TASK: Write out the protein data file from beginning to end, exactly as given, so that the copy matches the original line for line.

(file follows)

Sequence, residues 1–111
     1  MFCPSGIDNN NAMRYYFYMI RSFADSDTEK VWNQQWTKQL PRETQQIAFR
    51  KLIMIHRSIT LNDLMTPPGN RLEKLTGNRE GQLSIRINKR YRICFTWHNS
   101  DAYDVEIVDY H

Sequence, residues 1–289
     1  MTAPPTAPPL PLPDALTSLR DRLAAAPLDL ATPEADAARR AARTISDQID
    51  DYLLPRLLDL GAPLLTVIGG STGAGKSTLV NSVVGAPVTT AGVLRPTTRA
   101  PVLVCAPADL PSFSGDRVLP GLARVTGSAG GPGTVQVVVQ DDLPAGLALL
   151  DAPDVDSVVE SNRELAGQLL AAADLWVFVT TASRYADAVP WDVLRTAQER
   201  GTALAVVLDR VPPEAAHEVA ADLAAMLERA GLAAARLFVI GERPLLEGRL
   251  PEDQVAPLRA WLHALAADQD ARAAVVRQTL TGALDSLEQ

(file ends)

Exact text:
Sequence, residues 1–111
     1  MFCPSGIDNN NAMRYYFYMI RSFADSDTEK VWNQQWTKQL PRETQQIAFR
    51  KLIMIHRSIT LNDLMTPPGN RLEKLTGNRE GQLSIRINKR YRICFTWHNS
   101  DAYDVEIVDY H

Sequence, residues 1–289
     1  MTAPPTAPPL PLPDALTSLR DRLAAAPLDL ATPEADAARR AARTISDQID
    51  DYLLPRLLDL GAPLLTVIGG STGAGKSTLV NSVVGAPVTT AGVLRPTTRA
   101  PVLVCAPADL PSFSGDRVLP GLARVTGSAG GPGTVQVVVQ DDLPAGLALL
   151  DAPDVDSVVE SNRELAGQLL AAADLWVFVT TASRYADAVP WDVLRTAQER
   201  GTALAVVLDR VPPEAAHEVA ADLAAMLERA GLAAARLFVI GERPLLEGRL
   251  PEDQVAPLRA WLHALAADQD ARAAVVRQTL TGALDSLEQ